Bohol Capitol lawmakers have urged Congress to again regulate the nation’s petroleum industry and provide funds to stabilize the oil prices.
They had asked Gov. Edgar Chatto to direct the Provincial Economic Enterprise and Management Unit, Provincial Internal Audit Office and Provincial Legal Office to conduct feasibility studies on the legality and viability of setting up province-owned gas stations.
They formalized the two calls in separate resolutions approved and adopted by the Sangguniang Panlalawigan (SP) as introduced by Board Member Tomas Abapo, Jr.
Abapo noted that while petroleum prices fluctuate depending on the world market movement, the fluctuation is more on the price increase rather than lowering.
As an adverse effect, the prices of the prime commodities go up when oil prices get high, and when the latter go back down, it is unlikely that the former follow.
Ordinary earning Filipinos who number by numerous millions do economically suffer the consequences, the board member said.
Abapo recounted the time when the oilprices in the country were stable despite the price fluctuation in the world market.
This was when the Philippine prices of petroleum products were regulated by law and there was also the Oil Price Stabilization Fund (OPSF).
Then Republic Act 6173, which was enacted in pre-martial law 1971, had regulated the petroleum industry to assure reasonable prices and prevent collusive practices in oil pricing.
The OPSF was created in 1984 by then Presidential Decree 1956 to assure stable oil prices.
The buffer fund, Abapo said, had subsidized the oil price increases and so the Filipinos could then buy oil products at the same price.
The SP member from the Second District could only further recall that he then had to spend P200 only for car gas for a Tagbilaran-Ubay-Tagbilaran roundtrip.
“Now, my P1,000 can barely bring me back from Ubay to the city,” he said.
“Why?” Abapo asked in his privilege speech in the SP session on Friday, and then gave answer to his own question, “It is because the oil industry is now deregulated.”
In 1998, Republic Act 8479 deregulated the oil industry and the oil companies may now even fix their own prices, the provincial legislator said.
Deregulation generally means the lifting of government control and letting market forces work in the business.
For the local oil downstream industry, the concept of deregulation covers price decontrol, removal of restrictions on the establishment and operation of facilities, as well as importation and exportation of crude oil and petroleum products.
RA 8479 is known as the “Downstream Oil Industry Deregulation Act of 1998,” which four major reasons for enactment are to stabilize and provide reasonable prices, encourage competition, encourage investments, and remove cross-product subsidies.
So, accordingly, Abapo said, the purpose of the deregulation is to ensure a truly competitive market through fair business competition.
But the purpose has not been achieved simply because it has not happened, the board member said, quickly adding that the oil prices have shot up instead.
Abapo said the oil companies have not competed against each other to lower their prices but to increase them instead.
A position supported by SP colleagues, Abapo said it is high time to repeal the deregulation law and for the government to again regulate the oil industry, especially the prices, a position supported by his SP colleagues.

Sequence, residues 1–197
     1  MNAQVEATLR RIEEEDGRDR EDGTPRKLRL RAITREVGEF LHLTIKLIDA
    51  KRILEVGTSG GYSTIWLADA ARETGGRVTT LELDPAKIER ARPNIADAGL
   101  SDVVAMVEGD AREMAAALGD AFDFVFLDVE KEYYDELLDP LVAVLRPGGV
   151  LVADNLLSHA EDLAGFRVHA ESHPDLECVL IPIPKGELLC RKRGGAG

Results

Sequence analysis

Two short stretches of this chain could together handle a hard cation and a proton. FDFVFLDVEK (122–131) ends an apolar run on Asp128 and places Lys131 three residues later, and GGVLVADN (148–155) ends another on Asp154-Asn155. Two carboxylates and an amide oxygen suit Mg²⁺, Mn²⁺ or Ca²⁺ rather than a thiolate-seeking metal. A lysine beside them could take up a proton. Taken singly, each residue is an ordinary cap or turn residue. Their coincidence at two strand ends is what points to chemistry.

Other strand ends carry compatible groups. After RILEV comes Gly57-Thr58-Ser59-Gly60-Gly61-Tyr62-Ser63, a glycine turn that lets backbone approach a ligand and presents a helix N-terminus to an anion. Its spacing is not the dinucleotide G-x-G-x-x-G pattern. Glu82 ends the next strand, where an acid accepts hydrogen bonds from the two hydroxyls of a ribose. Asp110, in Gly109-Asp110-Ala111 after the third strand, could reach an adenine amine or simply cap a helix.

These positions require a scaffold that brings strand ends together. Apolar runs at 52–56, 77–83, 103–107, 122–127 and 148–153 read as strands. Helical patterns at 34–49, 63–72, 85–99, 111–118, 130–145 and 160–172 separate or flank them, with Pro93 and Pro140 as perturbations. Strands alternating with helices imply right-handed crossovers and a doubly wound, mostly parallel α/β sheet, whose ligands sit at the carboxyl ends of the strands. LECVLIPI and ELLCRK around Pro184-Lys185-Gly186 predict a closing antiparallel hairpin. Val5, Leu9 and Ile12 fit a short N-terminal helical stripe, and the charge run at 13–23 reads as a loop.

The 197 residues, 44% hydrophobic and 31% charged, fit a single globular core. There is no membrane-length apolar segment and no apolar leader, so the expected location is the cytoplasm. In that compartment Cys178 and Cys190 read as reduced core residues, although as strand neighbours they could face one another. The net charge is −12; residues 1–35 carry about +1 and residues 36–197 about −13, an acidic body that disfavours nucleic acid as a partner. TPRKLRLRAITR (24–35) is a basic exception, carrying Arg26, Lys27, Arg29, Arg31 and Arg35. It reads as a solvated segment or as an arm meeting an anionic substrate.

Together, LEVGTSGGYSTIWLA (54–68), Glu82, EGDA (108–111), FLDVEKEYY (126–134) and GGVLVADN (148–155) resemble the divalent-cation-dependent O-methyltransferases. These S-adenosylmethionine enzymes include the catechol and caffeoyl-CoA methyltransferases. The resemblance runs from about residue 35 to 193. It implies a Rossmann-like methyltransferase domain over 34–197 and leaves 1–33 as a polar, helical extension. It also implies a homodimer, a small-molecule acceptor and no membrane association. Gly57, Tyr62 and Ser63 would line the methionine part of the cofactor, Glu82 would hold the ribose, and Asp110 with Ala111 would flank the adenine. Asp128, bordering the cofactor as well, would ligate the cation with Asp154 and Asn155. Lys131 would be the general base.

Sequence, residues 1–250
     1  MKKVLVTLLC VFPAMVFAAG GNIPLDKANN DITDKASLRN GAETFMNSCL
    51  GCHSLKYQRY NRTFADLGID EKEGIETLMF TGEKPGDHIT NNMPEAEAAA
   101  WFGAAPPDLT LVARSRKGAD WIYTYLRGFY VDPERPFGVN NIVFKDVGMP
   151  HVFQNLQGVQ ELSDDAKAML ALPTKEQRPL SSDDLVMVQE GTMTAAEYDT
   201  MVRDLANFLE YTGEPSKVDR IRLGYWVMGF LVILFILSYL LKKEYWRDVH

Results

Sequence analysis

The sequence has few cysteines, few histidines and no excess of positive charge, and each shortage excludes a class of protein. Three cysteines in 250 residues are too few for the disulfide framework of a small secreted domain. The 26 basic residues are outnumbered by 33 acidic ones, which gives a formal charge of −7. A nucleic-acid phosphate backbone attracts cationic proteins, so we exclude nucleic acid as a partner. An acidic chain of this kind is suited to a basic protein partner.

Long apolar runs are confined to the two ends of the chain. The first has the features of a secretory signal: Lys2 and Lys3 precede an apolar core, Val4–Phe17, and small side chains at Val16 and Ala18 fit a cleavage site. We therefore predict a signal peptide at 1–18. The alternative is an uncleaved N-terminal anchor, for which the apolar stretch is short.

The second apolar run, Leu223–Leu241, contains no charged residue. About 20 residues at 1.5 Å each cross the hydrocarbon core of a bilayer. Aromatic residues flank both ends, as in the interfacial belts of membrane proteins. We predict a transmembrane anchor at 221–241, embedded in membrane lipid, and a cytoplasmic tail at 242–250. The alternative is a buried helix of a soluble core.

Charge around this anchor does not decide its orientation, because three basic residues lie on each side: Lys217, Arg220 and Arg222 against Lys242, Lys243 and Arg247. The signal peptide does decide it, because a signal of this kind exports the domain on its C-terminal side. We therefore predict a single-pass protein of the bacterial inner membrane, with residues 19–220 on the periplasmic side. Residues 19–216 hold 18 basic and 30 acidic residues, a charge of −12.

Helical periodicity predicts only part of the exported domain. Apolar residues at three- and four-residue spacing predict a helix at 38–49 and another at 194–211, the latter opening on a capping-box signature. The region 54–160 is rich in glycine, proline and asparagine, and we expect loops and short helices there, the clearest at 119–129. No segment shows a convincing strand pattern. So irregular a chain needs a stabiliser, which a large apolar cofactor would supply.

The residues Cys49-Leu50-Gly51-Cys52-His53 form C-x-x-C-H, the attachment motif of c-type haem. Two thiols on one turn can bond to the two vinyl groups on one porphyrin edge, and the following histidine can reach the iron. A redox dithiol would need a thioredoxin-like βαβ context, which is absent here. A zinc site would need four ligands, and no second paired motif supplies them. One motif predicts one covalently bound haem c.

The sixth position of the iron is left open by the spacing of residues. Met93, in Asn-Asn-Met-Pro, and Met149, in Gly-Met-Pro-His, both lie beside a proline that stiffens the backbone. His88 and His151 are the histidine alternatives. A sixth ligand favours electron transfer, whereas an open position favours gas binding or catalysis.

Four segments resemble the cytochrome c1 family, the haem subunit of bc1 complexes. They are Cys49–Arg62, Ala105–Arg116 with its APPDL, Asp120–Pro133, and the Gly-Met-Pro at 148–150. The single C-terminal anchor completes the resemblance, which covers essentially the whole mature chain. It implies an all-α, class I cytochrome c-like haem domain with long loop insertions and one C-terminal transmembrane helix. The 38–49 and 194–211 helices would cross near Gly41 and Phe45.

Abapo cited the Malampaya Funds to subsidize oil price increases attributed to the world market forces.
By law, the funds should be used to finance energy-related problems, said Abapo who is a lawyer and a law school dean.
GOVERNMENT GAS STATIONS
Abapo could not understand why the oil prices in Bohol are more expensive, if not extortionate, than those in Dumaguete City in Negros Oriental, Cebu and other nearby provinces.
In his research, gas stations in nearby provinces can still rake in profits even if their products are sold cheaper.
”Why can’t then we sell at lower prices, at par with other provinces, and still incur profit?” Abapo asked.
He told his fellow board members that their constituents “are suffering, asking for their help, and it is time for the province to do something.”
Under the Local Government Code of 1991, Abapo said, the province can enter into a business enterprise.
He asked, again, “So, why don’t we in the provincial government set up our own gas stations, sell petroleum products at lower prices, and yet still gain?
The board member suggested for the province to start with five gas stations, two of them in Tagbilaran City and one in each of the three congressional districts.
The Provincial Engineering Office, Provincial Motor Pool and all other departments can become “built-in” and “walk-in” customers instead of them buying gas from private stations.
The capitol-run stations can provide for the oil needs of the provincial government, Abapo stressed.
Abapo believed that, more importantly, “we can sell gas to the public at lower prices, at par with the other provinces.”
The feasibility studies will be in order to find out if the option of the government to operate its own gas stations is both legally and financially feasible.
Abapo said, “Our goal is to serve our people. Lest we forget, a public office is apublic trust. We are here not as masters but servant leaders.”
The resolution asking Congress to abolish the oil deregulation law and provide oil price subsidy will be sent to the Senate president and House speaker, as well as all the provincial SPs nationwide for possible support. (Ven rebo Arigo)